The management of a shopping center is a special process.  It requires a lot of planning and ongoing control by the managing agent.  That is why shopping center managers and leasing specialists charge a reasonable management fee.  The process of retail property control and optimisation takes experience and commitment.

When I hear that a shopping center owner is tendering the property management process to get the lowest fee I know that the owner is not serious about property performance; they get what they deserve.  There is an old saying that goes something like this, ‘If you pay peanuts, you get monkeys’.  Why would you jeopardise the performance of an important retail property for the sake of a lower fee?

There are many things to manage in a retail property.  Here are three of the bigger ones:

  1. Leases are at the top of the list.  Every lease is potentially different, and in a property with a lot of tenants you really do need to understand all leases to the fullest of their impact on the property.  That requires a detailed lease review and property optimisation plan.  From that review you can put in place a standard lease profile so that every lease that you negotiate on a vacant tenancy can be negotiated within the rental standards and lease terms that the landlord requires.  Given all of this you can also put in place a tenant mix strategy and a tenant retention plan.  Both of these documents should be merged into the business plan for the property.
  2. From the earlier comment you can see that a business plan is required.  That is the job of the property manager working together with the landlord.  The landlord will have investment strategies and holding patterns that they observe with their investments.  The business plan should be reviewed quarterly given that the trends of rent and the factors of the shopping center operations will change.  The business plan for the property should exist 3 months before the start of the financial year for the property.  The plan will take into account all the stakeholders involvement and interests; the stakeholders are the landlord, tenants, customers, financiers, property managers, and leasing experts.  It is easy to see why the management process in a retail property is so intense.  A successful shopping center or mall is a direct reflection of the skills of the retail shopping center manager.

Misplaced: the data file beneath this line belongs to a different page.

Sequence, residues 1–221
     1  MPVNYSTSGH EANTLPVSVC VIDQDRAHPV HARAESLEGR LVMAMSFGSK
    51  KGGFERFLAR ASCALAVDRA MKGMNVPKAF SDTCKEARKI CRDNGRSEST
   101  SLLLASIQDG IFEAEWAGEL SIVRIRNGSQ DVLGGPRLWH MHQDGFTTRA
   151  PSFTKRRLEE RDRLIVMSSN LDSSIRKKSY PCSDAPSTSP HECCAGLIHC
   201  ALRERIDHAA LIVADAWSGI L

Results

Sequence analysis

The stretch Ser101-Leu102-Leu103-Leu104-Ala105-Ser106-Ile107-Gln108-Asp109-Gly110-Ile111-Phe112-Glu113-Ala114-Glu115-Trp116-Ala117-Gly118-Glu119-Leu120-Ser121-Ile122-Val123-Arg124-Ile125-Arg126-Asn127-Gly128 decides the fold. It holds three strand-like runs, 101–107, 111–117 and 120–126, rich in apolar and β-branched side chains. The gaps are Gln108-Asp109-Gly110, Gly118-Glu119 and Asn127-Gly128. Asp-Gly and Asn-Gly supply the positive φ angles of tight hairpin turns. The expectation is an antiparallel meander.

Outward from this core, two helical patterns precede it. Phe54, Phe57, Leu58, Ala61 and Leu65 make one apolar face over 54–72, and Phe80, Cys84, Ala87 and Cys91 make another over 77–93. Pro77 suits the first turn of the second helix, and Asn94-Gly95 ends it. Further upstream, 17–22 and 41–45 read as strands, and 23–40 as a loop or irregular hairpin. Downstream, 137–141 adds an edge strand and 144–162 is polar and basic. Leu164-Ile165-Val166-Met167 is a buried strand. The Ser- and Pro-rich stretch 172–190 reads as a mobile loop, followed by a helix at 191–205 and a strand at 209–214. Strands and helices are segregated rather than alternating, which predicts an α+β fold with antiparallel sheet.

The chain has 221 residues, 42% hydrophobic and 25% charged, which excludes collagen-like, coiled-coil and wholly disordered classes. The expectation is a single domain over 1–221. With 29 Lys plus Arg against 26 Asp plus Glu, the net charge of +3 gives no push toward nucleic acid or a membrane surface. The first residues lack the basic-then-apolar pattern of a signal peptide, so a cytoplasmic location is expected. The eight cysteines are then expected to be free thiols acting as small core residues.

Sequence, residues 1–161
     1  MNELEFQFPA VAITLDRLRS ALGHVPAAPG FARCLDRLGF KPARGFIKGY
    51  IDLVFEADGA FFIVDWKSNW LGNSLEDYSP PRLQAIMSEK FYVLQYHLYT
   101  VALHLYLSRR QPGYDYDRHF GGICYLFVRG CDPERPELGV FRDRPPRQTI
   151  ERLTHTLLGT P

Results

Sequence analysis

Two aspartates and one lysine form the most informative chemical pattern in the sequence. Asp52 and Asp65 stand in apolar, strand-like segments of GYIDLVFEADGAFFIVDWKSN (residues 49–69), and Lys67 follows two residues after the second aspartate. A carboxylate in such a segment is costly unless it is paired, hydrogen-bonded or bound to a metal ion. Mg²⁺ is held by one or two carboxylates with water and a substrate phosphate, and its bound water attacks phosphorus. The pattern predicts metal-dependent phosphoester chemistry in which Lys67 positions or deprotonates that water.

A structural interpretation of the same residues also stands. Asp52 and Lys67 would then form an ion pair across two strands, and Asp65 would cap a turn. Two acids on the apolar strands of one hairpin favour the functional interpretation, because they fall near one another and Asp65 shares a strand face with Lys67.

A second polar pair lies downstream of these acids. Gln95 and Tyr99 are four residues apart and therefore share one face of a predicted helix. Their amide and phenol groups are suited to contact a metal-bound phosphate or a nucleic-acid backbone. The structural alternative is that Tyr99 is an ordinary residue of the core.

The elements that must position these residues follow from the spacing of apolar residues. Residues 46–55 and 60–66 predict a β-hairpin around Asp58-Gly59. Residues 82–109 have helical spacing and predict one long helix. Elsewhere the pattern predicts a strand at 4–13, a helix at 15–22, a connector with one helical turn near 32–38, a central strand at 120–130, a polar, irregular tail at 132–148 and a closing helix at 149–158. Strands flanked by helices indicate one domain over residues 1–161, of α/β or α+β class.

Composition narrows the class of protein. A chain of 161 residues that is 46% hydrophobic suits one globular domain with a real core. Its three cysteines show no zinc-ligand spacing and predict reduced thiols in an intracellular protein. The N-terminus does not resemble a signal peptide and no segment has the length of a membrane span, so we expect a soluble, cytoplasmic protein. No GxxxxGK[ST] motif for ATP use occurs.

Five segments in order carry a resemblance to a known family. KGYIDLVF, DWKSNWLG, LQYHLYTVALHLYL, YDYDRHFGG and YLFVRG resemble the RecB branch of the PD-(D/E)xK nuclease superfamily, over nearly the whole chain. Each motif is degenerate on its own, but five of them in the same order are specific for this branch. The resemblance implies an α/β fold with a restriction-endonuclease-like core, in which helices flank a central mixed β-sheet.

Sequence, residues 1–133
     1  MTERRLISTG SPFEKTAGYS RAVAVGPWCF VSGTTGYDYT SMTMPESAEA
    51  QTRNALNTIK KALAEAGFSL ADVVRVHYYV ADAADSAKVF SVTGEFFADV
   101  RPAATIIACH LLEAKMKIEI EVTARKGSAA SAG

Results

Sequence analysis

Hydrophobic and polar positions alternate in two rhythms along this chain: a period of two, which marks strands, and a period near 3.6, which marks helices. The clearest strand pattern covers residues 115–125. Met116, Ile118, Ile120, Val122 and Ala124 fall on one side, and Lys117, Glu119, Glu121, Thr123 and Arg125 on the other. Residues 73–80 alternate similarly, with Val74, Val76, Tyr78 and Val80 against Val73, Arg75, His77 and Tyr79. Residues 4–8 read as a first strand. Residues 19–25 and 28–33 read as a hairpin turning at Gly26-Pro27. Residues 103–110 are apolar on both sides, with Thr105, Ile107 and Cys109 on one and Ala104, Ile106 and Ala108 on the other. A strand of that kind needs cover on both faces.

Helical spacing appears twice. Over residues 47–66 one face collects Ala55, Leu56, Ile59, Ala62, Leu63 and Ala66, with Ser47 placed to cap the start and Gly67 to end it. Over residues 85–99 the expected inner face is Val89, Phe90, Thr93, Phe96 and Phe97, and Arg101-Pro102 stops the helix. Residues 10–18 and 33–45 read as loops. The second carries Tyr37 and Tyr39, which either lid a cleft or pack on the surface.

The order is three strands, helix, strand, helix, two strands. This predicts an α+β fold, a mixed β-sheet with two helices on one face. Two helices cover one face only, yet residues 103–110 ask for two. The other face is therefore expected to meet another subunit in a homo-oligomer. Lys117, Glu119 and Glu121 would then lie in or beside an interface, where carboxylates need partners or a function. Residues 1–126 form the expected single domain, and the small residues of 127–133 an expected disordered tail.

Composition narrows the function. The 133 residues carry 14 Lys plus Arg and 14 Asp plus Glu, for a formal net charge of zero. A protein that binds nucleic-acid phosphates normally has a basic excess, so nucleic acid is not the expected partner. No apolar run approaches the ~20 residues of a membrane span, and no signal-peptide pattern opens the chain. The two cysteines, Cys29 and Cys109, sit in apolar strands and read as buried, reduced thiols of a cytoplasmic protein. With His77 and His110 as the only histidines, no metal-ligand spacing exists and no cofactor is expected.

3. Rent in a retail property will be critical to property performance.  Net income will be important to the landlord, and from that point you work backwards to ascertain that expenditure is well structured and standardised for the efficient operation of the asset.  Income and expenditure structures and strategies also should be merged into the lease and business planning process.

For the specialised property management agent the opportunities for professional fees and services in the industry are large.  I go back to the point that reasonable fees are required for the specialised retail services to be provided.